As discussed above, property that does not pass to your heirs by beneficiary designation must go through the probate court. Your heirs must file an application (or petition) for probate and submit the Will to the court for it to be validated. Once the Will is validated, the court will appoint an administrator (or executor) that must complete the rest of the process which includes putting any creditors on notice, filing an inventory list, and finally, distributing the remaining assets to your heirs based on the terms set out in your Will. As you can see, a properly executed Will allows you to choose who you want to receive your property upon your death. Unless the Will is contested, the court will enforce your wishes as laid out in the Will. It is important to remember that ALL states prohibit the disinheritance of a spouse. This means that your spouse has a right of election and may demand a percentage of your estate no matter what the Will says.
What happens if you don’t have a Will when your pass?
If you pass away without a Will in place, the property that is in your name will be distributed by the state according to its laws of descent and distribution. The laws vary from state to state, but this type of distribution is referred to as intestate distribution. As you can imagine, what you want and what the state wants or deems fit, properly don’t align. The state’s pattern of distribution may not provide for the distribution you prefer.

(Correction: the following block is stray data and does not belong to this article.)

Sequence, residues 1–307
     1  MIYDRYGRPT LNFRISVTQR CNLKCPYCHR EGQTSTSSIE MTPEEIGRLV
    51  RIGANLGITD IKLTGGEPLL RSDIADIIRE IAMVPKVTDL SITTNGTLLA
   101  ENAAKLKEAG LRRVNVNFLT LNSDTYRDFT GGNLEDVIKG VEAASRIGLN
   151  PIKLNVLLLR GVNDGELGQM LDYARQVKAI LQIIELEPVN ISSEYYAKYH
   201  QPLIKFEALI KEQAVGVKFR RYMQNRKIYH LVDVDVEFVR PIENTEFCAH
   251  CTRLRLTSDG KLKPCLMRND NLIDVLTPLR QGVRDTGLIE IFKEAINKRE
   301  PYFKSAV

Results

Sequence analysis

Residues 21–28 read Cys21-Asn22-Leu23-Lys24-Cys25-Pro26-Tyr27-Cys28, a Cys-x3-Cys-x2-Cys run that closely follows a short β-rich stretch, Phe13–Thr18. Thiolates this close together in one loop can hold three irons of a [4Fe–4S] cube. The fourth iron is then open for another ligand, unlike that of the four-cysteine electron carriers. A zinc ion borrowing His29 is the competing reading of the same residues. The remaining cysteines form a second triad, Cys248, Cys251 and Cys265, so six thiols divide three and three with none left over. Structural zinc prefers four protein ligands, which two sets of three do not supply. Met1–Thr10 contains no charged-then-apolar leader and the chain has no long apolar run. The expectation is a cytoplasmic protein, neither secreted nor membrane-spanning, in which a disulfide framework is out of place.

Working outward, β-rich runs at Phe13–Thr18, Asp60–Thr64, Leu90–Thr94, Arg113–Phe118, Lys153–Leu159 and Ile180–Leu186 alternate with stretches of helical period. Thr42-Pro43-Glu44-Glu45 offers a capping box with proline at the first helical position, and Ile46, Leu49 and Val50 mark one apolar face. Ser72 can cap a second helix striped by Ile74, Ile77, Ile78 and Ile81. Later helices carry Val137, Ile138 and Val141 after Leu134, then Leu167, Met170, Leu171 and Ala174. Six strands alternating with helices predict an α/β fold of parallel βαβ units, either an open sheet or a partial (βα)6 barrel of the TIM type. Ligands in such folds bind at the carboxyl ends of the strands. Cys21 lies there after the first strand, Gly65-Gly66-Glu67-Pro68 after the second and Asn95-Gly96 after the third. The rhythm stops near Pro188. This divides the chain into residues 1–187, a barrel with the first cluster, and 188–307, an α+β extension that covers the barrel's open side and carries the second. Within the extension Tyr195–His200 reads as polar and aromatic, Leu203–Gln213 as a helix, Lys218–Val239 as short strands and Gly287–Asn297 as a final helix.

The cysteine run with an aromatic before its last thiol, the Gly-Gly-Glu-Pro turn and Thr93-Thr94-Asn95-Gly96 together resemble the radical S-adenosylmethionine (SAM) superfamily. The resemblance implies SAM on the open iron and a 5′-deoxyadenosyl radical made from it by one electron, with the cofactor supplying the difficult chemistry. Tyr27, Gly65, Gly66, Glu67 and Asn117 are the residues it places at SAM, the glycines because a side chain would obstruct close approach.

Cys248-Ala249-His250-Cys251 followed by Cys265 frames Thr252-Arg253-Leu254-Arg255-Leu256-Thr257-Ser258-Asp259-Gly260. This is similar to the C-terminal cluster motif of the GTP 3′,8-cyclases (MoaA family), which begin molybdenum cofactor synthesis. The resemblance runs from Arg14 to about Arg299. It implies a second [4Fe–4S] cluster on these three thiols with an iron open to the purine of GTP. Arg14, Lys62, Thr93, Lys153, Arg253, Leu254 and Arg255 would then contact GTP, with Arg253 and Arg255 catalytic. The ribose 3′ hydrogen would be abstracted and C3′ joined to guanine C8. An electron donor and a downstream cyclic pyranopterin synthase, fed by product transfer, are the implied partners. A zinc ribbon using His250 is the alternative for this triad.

Jointly Owned Property
Most married couples own the majority of their assets together with the right of survivorship. This means that when one spouse dies, the surviving spouse automatically receives the other spouse’s portion and has complete ownership of the property. Because of this type of distribution, most people falsely believe this ownership precludes the necessity for the parties to have a Will. Because the surviving spouse becomes the sole owner of the property, he/she needs a Will to direct its distribution upon his/her subsequent death. Since we can’t predict life and we don’t know which spouse will survive the other, it is important that both spouses have a Will in place to protect against any uncertainties.
Because life insurance policies have a named beneficiary, they pass without regard to a person’s Will and therefore, will generally pass outside the probate system.
Retirement Plans and Trusts
Other assets that may pass to named beneficiaries automatically include benefits of qualified retirement plans, annuities, and trusts.
A Will is an Essential Part of Any Estate Plan
If you own any property outright, it is recommended that you have a Will in place.
In summary, a Will allows you to:
- Clearly define who gets what and how much.
- Safeguard your assets from people you do not want to have them.
- Clearly identify who you want to care for your children.
- Ease the burden that will be put on your heirs once you pass. Your heirs will have a much faster, easier, and smoother time handling your affairs once you are gone.
- Plan every part of how your estate is handled. You can save your estate money on taxes or you can give gifts and charitable donations, offsetting the estate tax.
When you die without a Will, the state takes your place in making all the decisions about the distribution and disposition of your assets.